At the very least, we’ll always have Nier to remind us what a design doc filled absolute craziness and creativity can look like.
Okay, now is the time to talk about the Mass Effect 3 ending debacle. Now is the time to talk about it and why I think it’s fucking ridiculous that so many of you got so angry in the first place. I’ll throw in the caveat here that I beat Mass Effect 3, for the first time, with both the From Ashes and Extended Cut DLC, so my arguments might be a little skewed here, but I believe the core will stay true.
I don’t have a problem with players disagreeing with how the ending was handled. That’s all fine and good. It’s your opinion and, to some extent, you have the right to voice it. What I do have a problem with, however, is the kerfuffle that came about from players demanding Bioware to change the ending.
Mass Effect 3 is a creative work by a group of individuals. Like any other creative work, you are in your right to interpret it however you want, but it remains their creative work. Let’s say you are an illustrator, like myself. You make an illustration of, I don’t know, cats. Cats dancing in the rain. You finish it, proud of your work, and your fans fucking hate it. They hate it so much, they demand you change it to something else. The cats shouldn’t be dancing, they should be walking! Do you change it? Do you cave in to the pressure of your fanbase to alter the vision of your creative work? Fuck no, you don’t. It’s your work. It’s yours alone and while they are free to interpret it however they want, it is not up to them to decide what the subject of your artwork should be.
And even more to the point, why would you be so focused on a singular aspect of a larger image? Why does it bother you so that the cats are dancing? Is there nothing else to appreciate in that illustration? Just like with Mass Effect 3, I feel like many let the ending completely blind them as to what made the rest of that game great. Like I explained on Day 1, there is so much more to Mass Effect 3 that makes it worthy of being the best RPG of the year, yet so many felt the need to ignore these events because of a single moment in the game. It’s juvenile. It’s close to resembling a fourteen year-old girl dropping her popsicle on the ground and crying because “her entire fucking day is ruined omg”.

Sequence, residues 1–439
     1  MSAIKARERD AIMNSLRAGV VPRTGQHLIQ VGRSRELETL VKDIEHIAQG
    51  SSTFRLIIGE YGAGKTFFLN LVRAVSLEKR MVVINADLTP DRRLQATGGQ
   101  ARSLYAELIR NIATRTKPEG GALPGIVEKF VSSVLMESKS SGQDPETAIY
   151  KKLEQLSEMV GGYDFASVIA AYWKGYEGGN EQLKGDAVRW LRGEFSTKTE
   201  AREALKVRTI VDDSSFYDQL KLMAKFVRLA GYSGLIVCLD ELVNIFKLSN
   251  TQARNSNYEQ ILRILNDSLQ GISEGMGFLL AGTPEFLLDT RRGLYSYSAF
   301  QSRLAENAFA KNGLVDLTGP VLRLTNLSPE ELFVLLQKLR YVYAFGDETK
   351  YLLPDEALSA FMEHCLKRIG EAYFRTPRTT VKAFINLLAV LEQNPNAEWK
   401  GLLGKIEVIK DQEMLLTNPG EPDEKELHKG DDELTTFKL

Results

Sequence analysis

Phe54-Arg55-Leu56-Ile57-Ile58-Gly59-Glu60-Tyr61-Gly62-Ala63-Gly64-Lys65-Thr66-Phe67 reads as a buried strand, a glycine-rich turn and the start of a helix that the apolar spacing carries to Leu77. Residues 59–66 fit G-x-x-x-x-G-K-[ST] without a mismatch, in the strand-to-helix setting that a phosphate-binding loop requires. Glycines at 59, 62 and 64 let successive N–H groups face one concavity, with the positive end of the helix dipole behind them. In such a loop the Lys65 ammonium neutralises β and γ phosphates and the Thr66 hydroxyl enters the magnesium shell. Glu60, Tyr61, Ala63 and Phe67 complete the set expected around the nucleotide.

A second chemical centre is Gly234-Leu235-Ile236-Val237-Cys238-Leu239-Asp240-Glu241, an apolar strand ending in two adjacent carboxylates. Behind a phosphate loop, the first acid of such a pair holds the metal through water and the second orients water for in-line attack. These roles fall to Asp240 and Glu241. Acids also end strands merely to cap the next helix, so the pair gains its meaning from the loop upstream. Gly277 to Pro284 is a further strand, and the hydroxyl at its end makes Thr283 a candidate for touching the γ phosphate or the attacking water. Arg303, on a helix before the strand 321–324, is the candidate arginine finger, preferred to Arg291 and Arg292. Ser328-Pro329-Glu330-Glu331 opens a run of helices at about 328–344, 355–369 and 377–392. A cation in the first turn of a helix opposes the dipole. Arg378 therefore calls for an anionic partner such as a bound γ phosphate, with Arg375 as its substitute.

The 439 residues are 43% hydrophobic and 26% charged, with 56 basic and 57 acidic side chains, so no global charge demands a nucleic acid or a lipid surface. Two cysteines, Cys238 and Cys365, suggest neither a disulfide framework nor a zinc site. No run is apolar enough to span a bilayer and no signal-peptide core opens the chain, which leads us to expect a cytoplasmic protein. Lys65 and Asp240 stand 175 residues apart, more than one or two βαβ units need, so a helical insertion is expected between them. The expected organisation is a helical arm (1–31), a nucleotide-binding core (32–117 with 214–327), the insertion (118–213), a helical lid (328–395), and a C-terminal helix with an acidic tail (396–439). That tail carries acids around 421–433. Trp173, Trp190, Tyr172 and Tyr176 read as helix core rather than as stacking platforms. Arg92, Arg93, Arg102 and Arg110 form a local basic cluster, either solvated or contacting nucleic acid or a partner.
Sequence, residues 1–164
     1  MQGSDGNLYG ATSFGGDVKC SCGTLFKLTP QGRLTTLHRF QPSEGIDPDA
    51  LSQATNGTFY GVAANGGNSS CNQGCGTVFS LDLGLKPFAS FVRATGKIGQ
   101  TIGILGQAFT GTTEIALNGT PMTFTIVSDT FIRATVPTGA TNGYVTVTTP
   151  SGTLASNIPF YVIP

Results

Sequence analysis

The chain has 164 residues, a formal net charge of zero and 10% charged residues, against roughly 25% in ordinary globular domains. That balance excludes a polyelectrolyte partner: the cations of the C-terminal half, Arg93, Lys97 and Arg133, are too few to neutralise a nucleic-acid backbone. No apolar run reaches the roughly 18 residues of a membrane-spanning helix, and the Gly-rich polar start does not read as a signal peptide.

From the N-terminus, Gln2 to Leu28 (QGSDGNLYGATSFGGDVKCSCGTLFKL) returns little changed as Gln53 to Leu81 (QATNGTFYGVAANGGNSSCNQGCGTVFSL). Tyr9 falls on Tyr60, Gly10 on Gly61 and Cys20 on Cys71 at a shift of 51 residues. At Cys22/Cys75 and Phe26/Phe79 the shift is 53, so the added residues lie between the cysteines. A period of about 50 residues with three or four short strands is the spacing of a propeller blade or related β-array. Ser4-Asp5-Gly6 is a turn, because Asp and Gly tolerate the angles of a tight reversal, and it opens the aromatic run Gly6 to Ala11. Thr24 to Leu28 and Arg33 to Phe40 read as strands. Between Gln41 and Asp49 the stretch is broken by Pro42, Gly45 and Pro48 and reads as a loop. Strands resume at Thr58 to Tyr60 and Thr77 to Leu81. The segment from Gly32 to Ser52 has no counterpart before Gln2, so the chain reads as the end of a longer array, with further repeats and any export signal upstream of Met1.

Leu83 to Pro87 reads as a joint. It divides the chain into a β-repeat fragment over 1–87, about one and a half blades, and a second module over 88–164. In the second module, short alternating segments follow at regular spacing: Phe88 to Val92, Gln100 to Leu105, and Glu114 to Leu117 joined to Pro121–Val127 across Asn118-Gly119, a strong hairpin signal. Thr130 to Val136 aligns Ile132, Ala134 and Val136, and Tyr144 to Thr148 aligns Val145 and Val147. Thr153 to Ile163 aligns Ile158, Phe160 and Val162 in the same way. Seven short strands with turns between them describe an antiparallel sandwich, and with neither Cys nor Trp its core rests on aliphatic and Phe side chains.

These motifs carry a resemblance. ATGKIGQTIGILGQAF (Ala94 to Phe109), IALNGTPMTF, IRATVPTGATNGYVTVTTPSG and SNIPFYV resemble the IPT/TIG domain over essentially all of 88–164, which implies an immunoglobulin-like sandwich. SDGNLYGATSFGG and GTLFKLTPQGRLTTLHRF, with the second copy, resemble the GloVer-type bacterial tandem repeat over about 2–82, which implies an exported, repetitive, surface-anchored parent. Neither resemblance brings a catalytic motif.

Get real, folks. Re-adjust yourselves a bit and re-examine what exactly you are criticising, and why you are criticising it. You might find there is a lot more to love than there is to hate.
Runners Up: #1ReasonWhy existing in the first place, being exposed to more MLP shit
I fucking exploded when I saw Dark Souls II being announced at the VGAs this year. I am so god-damn excited, you guys. Not just because it’s a sequel to one of the best games of 2011, but because it also means there’s finally room in mainstream gaming for something as incredibly unique as Dark Souls. Narrative and lore that is never explicitly told to the player, difficulty that is aggressive but rewarding, art design that is dark and subdued. These ideas should be exclusive to some niche but they aren’t anymore. They’re enjoyed by hundreds of thousands, if not millions, and it makes me so happy.
While all we got was a trailer and a few shots of concept art, I am unbelievably excited for Dark Souls II. Everything I’ve seen, heard, and read of it sounds like it’s heading in a great direction and I cannot wait to see the finished product.
… man. They made a sequel to Dark Souls. Fuckkkkkk that’s so rad.
Runners Up: Black Ops II’s campaign, Finding out I didn’t fail painting class
And that's a wrap for Day Two! Did you miss Day One? Shit! Check it out here. Come back tomorrow for the final award categories! Err... well, more like later today, I suppose. At least, if you're on the East Coast.